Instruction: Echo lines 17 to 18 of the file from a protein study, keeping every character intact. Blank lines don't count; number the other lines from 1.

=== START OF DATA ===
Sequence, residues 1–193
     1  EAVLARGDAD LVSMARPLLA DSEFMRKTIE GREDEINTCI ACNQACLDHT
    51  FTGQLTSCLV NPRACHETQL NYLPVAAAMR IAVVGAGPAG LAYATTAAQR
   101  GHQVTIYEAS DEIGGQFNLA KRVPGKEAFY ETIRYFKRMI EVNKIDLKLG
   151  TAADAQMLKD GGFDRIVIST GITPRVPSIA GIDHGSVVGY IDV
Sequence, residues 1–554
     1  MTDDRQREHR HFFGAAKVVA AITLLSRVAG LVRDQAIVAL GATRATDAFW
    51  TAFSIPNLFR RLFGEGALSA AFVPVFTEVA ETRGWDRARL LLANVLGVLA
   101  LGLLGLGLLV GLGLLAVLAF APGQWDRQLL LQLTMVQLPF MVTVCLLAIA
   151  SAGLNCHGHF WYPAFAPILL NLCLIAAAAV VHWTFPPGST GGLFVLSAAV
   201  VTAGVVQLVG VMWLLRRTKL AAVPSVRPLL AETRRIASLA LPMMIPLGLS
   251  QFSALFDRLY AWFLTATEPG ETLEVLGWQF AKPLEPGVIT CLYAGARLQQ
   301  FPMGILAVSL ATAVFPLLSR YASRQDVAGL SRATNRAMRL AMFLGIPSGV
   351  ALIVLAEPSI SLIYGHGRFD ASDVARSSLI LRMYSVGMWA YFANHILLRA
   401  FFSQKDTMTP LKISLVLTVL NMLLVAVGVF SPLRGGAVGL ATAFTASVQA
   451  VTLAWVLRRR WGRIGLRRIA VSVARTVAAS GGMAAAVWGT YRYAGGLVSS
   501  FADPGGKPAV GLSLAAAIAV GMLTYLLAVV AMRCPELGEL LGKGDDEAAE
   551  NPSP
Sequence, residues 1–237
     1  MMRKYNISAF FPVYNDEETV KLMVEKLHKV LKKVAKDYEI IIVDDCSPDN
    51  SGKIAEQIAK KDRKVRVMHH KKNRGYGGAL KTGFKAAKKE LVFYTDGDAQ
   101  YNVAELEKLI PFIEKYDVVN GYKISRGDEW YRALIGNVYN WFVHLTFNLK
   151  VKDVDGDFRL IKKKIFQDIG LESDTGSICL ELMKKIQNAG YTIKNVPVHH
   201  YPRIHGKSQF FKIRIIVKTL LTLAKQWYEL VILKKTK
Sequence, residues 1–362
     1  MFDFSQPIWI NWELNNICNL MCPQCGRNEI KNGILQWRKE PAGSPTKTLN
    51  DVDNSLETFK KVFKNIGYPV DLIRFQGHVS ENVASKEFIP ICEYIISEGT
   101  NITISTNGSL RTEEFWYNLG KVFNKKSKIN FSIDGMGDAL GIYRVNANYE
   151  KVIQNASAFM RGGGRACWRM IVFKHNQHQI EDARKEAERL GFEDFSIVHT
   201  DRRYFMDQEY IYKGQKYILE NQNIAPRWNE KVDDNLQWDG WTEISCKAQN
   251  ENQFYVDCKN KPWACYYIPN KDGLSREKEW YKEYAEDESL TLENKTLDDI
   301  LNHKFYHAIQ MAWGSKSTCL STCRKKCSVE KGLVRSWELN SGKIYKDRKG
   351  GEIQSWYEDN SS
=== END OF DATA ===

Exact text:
   501  FADPGGKPAV GLSLAAAIAV GMLTYLLAVV AMRCPELGEL LGKGDDEAAE
   551  NPSP